Business Services Segment Our Business Services segment provides a broad range of data, voice and managed services to retail and wholesale customers. Retail customers include both small, often single site businesses and distributed multi-site businesses. Wholesale customers include telecommunications providers and large enterprises. We derived approximately 76%, 78% and 79% of our revenues during the years ended December 31, 2012, 2013 and 2014, respectively, from our Business Services segment. Products and Services Data Services. We offer a broad range of data and Internet services to business customers, including MPLS, which provides customers a private and secure nationwide IP-based network to transfer voice, video and data between locations; secure Wi-Fi, which provides customers private and public wireless networks at their locations; and high-speed Internet access. We offer a full range of access types, including DSL, T-1 and DS3 lines, Ethernet and wireless broadband, at speeds ranging from 1.5Mbps to over 100Mbps. We provide connectivity over our facilities-based nationwide network which we monitor 24/7 to keep customer information secure. Voice Services. We offer a broad range of voice services to business customers, including local, long-distance and related features over traditional copper lines; hosted voice, which provides customers a managed network solution that eliminates their cost of purchasing and maintaining an on-premises phone system; SIP trunking, which provides an IP-based solution for customers that own and operate switching equipment on their own premises; and integrated voice and data solutions using IP-based connectivity over TI or Ethernet.


    • Optimize our cost structure and cash flows. We are focused on optimizing the cost structure of our business and maximizing the cash flows generated from our business through a lower and more variable cost structure, including reducing the cost structure for our traditional voice and data products provided to small businesses. This includes managing our cost of revenues and operating expenses, streamlining our internal processes and aligning our workforce to current revenue trends.

    • Invest in growth business products, marketing and sales. Our growth business products are MultiProtocol Label Switching ("MPLS"), hosted voice and managed services (Managed IP VPN, Managed Network, Managed Security and Managed Cloud, among others). We are focused on investing in products, marketing and sales to support these growth products. We are simplifying and rationalizing our suite of products to focus on products that are strategically aligned with being a managed network services provider.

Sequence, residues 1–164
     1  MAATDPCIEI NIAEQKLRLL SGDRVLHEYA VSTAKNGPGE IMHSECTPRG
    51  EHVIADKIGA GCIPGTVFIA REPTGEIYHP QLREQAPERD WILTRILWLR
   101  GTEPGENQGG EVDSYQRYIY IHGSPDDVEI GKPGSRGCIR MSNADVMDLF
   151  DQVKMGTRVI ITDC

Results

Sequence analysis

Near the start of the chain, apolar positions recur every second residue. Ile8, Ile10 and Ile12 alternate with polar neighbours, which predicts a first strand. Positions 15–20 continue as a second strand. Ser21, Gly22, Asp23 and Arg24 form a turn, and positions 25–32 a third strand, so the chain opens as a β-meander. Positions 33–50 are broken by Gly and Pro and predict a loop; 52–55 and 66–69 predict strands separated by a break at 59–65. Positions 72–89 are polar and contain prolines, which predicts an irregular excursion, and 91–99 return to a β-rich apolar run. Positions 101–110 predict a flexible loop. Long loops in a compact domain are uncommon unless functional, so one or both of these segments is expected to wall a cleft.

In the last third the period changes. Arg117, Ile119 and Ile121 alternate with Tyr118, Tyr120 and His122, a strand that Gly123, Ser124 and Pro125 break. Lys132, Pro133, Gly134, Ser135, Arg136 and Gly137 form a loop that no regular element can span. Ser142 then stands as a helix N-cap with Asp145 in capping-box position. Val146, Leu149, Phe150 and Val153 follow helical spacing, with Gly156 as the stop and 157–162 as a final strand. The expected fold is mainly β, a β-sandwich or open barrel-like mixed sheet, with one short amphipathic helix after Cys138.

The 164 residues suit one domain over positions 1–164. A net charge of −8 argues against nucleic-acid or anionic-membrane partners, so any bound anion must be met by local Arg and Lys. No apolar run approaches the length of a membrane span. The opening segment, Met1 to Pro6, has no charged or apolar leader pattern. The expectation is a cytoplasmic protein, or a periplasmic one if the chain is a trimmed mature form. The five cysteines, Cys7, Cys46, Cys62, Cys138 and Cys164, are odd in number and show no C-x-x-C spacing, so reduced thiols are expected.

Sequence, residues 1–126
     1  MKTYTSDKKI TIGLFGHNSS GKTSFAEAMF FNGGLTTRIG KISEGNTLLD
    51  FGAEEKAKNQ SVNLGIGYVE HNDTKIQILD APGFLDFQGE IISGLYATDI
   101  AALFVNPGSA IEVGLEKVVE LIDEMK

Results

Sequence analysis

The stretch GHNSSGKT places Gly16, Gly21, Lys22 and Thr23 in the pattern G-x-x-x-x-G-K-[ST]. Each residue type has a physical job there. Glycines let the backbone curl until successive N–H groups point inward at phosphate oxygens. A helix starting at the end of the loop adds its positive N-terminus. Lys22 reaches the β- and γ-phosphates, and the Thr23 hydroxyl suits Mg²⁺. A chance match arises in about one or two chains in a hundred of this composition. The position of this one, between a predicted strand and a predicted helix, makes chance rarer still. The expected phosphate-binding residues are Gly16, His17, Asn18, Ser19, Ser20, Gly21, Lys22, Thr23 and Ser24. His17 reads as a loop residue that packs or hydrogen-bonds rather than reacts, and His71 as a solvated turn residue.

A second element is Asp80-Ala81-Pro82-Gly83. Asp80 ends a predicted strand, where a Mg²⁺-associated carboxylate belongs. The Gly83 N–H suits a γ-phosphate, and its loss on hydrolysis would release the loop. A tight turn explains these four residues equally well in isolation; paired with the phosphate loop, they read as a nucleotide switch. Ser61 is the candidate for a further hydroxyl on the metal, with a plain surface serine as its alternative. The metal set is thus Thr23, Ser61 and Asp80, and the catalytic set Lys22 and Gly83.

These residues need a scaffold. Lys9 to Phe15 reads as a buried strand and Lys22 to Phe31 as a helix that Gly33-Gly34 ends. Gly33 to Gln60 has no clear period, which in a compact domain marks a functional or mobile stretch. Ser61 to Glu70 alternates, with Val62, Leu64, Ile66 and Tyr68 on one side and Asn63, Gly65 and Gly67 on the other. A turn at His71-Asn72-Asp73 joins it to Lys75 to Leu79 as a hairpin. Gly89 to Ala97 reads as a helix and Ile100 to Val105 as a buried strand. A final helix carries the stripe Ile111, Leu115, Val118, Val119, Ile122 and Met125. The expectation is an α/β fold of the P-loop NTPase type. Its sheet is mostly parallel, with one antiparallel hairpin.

• Evaluate potential strategic transactions. We continue to evaluate our business, which could lead us to discontinue or divest non-strategic products, assets or customers based on management's assessment of their strategic value to our business. In addition, we continue to evaluate potential strategic transactions in order to accelerate our transformation. We believe that targeted corporate acquisitions, when available at the right economics, can be an effective means for growth and targeted capability building.

    Segment Customer Category Description of Customer Base Strategy

    Business Services Small Business Small, often single site businesses Manage for cash

    Mid-Market/Enterprise Distributed multi-site businesses Invest in growth

    (Managed Services)

    Wholesale Telecommunications providers and Consider growth alternatives

    (Carrier/Transport) large enterprises

    Consumer Services Consumer Individuals Manage for cash

  • Table of Contents Managed Services . We offer a broad range of managed services, including managed network services, security services, infrastructure services and cloud services. By building, managing and securing networks and IT environments, we enable customers to focus on their core businesses. We also help businesses to reduce costs for networks and IT spending by limiting their capital expenditures.